Exploring relationships in information technology outsourcing: the interaction approach
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- Kern, T. & Willcocks, L. Eur J Inf Syst (2002) 11: 3. doi:10.1057/palgrave.ejis.3000415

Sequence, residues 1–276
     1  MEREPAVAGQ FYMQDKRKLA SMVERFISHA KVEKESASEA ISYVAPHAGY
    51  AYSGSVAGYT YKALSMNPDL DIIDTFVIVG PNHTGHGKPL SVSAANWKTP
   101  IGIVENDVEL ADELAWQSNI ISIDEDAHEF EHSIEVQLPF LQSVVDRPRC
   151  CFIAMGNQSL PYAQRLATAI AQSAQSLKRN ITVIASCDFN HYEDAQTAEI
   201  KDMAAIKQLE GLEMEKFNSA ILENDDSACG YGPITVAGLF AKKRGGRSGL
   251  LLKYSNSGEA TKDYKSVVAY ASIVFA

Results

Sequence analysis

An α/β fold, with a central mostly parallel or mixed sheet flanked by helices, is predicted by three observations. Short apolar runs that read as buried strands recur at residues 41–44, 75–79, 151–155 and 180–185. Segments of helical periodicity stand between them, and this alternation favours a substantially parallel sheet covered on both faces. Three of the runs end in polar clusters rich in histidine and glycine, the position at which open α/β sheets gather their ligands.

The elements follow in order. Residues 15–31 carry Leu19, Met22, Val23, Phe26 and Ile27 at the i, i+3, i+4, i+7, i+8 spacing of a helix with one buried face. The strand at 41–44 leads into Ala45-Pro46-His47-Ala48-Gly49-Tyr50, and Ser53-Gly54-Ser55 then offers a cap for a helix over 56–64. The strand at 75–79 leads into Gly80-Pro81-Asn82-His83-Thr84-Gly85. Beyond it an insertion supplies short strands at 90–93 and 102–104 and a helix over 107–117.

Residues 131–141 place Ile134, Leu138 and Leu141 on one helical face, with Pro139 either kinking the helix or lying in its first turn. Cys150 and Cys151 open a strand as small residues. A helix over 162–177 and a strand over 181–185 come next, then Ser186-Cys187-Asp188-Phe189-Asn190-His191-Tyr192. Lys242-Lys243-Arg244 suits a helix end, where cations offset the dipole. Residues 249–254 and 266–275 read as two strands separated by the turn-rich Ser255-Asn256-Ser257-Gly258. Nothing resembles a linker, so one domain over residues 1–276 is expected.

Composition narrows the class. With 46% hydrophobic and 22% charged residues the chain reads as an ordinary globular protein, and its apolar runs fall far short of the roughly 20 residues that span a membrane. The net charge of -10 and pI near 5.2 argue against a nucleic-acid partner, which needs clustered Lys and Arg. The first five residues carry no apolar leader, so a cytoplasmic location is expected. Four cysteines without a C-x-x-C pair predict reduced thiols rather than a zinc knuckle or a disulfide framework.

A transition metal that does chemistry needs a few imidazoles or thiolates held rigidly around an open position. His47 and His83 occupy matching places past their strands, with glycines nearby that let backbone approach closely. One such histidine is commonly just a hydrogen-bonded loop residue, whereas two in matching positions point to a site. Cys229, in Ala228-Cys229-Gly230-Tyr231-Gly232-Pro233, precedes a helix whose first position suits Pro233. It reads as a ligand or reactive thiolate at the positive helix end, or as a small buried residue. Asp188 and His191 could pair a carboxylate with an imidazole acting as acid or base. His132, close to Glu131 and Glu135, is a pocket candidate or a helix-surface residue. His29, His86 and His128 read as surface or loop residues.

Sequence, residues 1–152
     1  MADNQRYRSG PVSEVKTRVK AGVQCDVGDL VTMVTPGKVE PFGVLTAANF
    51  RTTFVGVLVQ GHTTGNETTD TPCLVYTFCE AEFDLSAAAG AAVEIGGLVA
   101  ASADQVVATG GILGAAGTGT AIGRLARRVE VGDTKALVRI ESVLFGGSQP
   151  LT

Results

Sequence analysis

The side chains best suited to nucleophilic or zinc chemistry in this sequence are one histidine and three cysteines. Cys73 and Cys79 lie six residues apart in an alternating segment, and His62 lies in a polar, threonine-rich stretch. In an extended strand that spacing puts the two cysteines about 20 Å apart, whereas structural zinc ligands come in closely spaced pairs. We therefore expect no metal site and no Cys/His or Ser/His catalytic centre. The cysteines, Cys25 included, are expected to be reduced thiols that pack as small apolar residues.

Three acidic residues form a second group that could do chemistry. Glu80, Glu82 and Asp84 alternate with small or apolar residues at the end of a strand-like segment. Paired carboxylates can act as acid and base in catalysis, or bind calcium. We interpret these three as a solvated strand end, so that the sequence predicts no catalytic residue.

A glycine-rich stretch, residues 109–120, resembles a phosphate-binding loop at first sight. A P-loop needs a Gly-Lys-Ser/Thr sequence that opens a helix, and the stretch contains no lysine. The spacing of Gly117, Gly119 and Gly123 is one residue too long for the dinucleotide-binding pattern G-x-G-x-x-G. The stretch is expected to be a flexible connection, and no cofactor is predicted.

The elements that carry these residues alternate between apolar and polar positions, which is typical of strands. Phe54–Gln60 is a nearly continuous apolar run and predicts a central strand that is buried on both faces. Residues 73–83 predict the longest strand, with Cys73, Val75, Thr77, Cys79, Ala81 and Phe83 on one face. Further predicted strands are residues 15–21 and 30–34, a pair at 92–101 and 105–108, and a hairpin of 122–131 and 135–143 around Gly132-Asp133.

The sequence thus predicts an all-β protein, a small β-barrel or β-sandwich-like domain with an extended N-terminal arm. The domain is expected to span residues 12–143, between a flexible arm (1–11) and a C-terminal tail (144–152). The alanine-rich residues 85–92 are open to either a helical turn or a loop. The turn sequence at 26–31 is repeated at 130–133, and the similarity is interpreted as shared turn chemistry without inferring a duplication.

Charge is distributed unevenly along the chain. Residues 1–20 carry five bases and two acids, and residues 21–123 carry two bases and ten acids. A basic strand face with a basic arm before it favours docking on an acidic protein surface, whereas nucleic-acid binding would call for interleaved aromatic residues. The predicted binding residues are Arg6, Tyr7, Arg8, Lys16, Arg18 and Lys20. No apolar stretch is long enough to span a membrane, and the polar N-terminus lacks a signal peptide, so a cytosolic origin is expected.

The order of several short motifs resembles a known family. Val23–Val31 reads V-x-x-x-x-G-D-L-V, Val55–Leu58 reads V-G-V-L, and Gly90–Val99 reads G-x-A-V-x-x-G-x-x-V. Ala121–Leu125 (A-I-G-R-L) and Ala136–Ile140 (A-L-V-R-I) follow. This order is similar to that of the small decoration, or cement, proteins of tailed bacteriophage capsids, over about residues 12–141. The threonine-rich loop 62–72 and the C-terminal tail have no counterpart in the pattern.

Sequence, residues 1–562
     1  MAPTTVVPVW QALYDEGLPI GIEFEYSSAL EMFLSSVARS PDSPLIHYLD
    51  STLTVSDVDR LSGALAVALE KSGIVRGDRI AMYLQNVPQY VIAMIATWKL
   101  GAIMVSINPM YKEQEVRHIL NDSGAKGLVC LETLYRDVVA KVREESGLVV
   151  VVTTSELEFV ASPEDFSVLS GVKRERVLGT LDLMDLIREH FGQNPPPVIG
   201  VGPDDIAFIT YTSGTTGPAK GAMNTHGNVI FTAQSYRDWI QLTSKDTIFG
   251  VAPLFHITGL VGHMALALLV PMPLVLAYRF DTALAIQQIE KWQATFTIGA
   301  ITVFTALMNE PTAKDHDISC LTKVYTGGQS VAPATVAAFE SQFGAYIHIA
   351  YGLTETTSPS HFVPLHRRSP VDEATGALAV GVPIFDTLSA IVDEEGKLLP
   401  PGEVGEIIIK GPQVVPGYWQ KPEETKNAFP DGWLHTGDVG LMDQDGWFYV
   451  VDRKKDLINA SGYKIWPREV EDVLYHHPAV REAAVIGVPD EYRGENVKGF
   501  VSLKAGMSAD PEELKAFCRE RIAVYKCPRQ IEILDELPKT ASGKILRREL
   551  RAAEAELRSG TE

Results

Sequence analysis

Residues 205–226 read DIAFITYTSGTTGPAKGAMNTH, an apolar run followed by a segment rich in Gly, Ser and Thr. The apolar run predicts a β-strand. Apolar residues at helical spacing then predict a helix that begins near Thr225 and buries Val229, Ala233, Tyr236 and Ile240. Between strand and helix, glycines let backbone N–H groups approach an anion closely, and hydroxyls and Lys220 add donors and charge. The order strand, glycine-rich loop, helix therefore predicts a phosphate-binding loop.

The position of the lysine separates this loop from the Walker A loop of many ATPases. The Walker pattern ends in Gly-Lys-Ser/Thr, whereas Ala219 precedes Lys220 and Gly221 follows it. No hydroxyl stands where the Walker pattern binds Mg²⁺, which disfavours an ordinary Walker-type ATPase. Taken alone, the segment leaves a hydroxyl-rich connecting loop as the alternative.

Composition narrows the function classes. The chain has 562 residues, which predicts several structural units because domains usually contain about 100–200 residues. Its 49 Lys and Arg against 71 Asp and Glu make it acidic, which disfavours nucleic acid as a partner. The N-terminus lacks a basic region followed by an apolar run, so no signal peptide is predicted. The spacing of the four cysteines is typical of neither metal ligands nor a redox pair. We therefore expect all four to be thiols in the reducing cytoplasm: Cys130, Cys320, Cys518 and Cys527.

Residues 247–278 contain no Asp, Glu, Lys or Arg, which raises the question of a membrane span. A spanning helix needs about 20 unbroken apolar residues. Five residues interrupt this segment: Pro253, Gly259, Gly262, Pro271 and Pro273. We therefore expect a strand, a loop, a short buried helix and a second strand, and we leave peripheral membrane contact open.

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Information technology (IT) outsourcing ventures have been termed successful or less successful in achieving their expected outsourcing objectives according to the operational effectiveness of the ensuing client–upplier relationship. Yet researchers and practitioners share no consistent understanding of the actual operational characteristics of these IT outsourcing relationships. The paper bridges this gap by adopting the International Marketing and Purchasing (IMP) group's dyadic ‘interaction Approach’, which delineates carefully the context, parties, interaction and behavioural dimensions of buyer–supplier-type relationships. Applied to outsourcing, this ‘approach’ enables us to shed some light on the crucial dimensions of IT outsourcing relationships. Exploratory research into 12 organisations identifies the potential of the ‘interaction approach’, in providing a comprehensive, consistent, holistic set of constructs to guide analysis. The constructs of ‘interaction’ and ‘atmosphere’ proved particularly useful in providing in-depth insights. However, other interaction constructs of ‘environment’, ‘parties’ and ‘institutionalisation and adaptation’ were limited in their operationalisability. The paper suggests how these can be supplemented, and how IT outsourcing relationships can then be studied over time more satisfactorily. The interaction approach, as applied to the qualitative research data, also helped to identify a number of management issues that warrant careful consideration if IT outsourcing relationship management is to be improved. At the same time, the research identified certain factors in IT outsourcing relationships not captured satisfactorily by the interaction approach, namely the centrality of the contract, the importance of formal processes, and the hidden costs of relationship management. One suggested way forward is to combine interaction, contract and transaction cost perspectives.